DraftKings (NASDAQ:DKNG) is the prime example of price action reflecting plenty of investor enthusiasm and hope. Since its April 24 IPO, DraftKings stock nearly doubled and that’s the case despite a pullback of almost 27% from its previous high, one the name is still in the midst of.
Here’s why DKNG stock is impressing in less than three months as public company, the pullback notwithstanding.
Its bread and butter are daily fantasy sports (DFS) and sports betting, though online casinos are increasingly important part of the DraftKings investment thesis, too. More on that later.
In a typical year, a sportsbook stock debuting in April would have been treated to the spoils of the early part of the Major League Baseball season as well as the tail ends of the regular seasons for the NBA and NHL with the playoffs for those two leagues coming later in the second quarter. However, 2020 isn’t a normal year in any regard, sports or otherwise, due to the novel coronavirus pandemic.
DraftKings’ IPO arrived several weeks after the NBA and NHL postponed their seasons and as MLB failed to start on time. For awhile, DFS players had nothing to get involved and offerings for sports bettors were confined to obscure fare, such as soccer in small countries, international table tennis (seriously) and Korean baseball.
In its short life as a public company, two things are becoming clear with DraftKings. First, some investors appear comfortable wagering on future prospects that may or may not arrive.
Second, the recent retrenchment in stock indicates it has some vulnerabilities to Covid-19 headlines. Look at the timeline of that pullback. It’s now about five weeks old, a period including an ominous increase in coronavirus cases across the U.S.
All Is Not Lost for DraftKings Stock
DraftKings will soon report second-quarter results, but investors probably shouldn’t put too much weight on those numbers because the April through June stretch of 2020 won’t be comparable to the year-earlier period.
As noted above, a typical second quarter for bettors and sportsbook operators alike would include plenty of MLB, NBA and NHL action as well as the NCAA Tournament Final Four and the Masters golf tournament. That wasn’t the case in 2020.
However, the third quarter could be a proving ground for DraftKings’ quest to lower losses and get on the road to profitability. In the current quarter, MLB is slated to commence its shortened, 60-game regular season while the NBA and NHL are scheduled to conclude the 2019-20 editions of their campaigns.
Focusing on the NBA for a minute because basketball is the second-most wagered on sport in the U.S. after football, there are potential problems.
While the NBA seems intent on forging ahead with its season in the confines of a “bubble” near Disney World in Orlando, players and staff are testing positive for Covid-19 before bubble play even commences. Some players who aren’t testing positive are playing it safe and opting to stay home. Simply put, if the NBA decides to scrap the bubble plan in the name of Covid-19 safety, that’s a lot of lost revenue for DraftKings and its rivals.
Now, let’s discuss football. Data published by UNLV spanning 1984 through 2019 indicate that at Nevada casinos, football, both college and the NFL, was the most wagered on sport every year. Given Americans’ affinity for football, it’s reasonable to expect that as more states permit sports betting, compiling data in the process, the Nevada trend will hold true across other regions.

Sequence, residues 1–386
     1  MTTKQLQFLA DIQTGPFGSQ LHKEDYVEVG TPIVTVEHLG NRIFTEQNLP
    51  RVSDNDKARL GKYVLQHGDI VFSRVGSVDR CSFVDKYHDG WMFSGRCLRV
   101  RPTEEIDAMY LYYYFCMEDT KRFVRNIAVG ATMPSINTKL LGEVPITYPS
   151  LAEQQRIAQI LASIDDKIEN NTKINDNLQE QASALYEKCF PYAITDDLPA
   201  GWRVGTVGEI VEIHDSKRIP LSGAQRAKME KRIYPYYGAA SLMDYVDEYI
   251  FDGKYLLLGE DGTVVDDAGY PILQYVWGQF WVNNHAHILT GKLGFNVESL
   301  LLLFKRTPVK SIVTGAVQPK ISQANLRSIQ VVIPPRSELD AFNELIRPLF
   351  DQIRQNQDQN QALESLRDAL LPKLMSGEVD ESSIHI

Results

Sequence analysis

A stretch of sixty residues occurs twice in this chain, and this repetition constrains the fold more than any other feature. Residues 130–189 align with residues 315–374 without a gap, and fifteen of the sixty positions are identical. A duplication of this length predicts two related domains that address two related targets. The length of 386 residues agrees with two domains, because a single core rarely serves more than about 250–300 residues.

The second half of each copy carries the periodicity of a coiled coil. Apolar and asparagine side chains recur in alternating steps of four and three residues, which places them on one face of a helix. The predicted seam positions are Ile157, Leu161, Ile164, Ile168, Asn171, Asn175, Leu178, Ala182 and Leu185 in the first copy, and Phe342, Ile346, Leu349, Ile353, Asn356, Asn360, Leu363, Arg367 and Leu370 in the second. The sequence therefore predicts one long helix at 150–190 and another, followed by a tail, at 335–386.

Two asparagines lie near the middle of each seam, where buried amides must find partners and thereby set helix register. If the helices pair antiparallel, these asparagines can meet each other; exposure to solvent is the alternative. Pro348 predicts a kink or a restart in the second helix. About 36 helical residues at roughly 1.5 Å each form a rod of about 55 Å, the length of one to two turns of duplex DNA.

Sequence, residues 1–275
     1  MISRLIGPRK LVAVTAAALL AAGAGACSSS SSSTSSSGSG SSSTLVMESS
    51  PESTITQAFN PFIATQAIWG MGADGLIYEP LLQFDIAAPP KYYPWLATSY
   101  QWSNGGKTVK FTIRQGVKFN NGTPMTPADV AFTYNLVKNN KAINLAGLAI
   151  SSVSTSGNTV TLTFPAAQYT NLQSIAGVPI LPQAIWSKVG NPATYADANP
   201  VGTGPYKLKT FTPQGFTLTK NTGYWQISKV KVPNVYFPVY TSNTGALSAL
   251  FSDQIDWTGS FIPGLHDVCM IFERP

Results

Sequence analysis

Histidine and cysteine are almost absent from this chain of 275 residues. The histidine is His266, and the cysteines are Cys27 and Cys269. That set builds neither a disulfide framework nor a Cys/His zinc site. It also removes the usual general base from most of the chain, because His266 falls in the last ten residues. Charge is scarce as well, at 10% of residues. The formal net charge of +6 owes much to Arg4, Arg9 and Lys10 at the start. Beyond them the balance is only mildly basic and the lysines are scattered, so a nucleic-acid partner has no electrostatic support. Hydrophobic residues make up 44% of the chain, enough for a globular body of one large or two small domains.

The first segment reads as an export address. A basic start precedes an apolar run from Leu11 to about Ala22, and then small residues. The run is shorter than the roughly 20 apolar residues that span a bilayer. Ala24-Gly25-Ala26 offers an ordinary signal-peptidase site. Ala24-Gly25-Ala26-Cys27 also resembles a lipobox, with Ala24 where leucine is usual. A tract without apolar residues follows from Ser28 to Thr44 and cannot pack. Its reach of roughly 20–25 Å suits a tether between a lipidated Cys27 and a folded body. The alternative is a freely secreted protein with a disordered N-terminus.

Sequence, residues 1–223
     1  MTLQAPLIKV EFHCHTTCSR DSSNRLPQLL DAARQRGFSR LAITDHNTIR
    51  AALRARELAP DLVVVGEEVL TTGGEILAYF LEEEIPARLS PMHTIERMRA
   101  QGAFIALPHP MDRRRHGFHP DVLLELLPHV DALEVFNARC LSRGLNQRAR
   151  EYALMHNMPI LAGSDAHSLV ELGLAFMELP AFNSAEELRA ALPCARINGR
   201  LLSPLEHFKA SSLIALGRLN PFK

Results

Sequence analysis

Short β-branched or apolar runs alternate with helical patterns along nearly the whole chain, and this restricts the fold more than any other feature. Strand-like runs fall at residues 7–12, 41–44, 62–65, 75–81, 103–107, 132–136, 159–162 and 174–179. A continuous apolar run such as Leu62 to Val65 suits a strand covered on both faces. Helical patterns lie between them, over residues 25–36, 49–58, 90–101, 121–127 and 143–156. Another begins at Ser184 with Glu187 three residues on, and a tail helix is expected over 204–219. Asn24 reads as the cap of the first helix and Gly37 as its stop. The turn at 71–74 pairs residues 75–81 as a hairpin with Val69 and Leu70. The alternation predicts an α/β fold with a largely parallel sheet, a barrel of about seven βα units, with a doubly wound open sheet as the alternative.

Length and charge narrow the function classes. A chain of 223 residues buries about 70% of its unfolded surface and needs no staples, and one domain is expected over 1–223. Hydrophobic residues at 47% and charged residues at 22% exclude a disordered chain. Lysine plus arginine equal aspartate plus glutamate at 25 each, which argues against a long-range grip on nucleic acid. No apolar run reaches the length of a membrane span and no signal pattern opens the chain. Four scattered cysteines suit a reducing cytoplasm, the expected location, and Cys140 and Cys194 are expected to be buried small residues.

That’s great for DraftKings and investors…after 2020. This year, the coronavirus is putting college football on thin ice. On July 9, the Big 10 Conference said it’s moving to a 10-game, conference-only slate this year. A standard college football regular season schedule is 12 games, so if other conferences follow suit, there will be far fewer games upon which gamblers can wager.
Reduced games is actually a rosy scenario. Right now, there are simply no guarantees there will even be a 2020 college football season. As for the NFL, which is the king of sports gambling when it comes to total handle, it appears the league will proceed with its 2020 season, but if that outlook changes for the worse, DraftKings stock, along with any other name with sports betting leverage, would almost certainly be punished.
The details outlined above are a prescription for caution with DraftKings stock, not an obituary. The company’s iGaming (internet casinos) business can augment some of the lost DFS and sports betting revenue under a league(s) cancellation/shutdown scenario.
In fact, online casinos are viewed as significant growth drivers for the gaming industry with revenue estimates ranging from almost $7 billion to as high as $20 billion by 2025. For now, iGaming is confined to a small number of states, but more are expected to come aboard amid the scramble for revenue forced by Covid-19.
For investors that focus on the sports side of the DraftKings business, there are still factors to embrace. Colorado, Illinois and Michigan all joined the ranks of the legal, operational sports betting states during the coronavirus shutdown and each is expected to generate significant sports gambling revenue.
By some estimates, Illinois will become the sports betting hub of the Midwest, if not the entire country. All three states are among those that DraftKings has exposure to.
Todd Shriber has been an InvestorPlace contributor since 2014. He owns shares of DraftKings.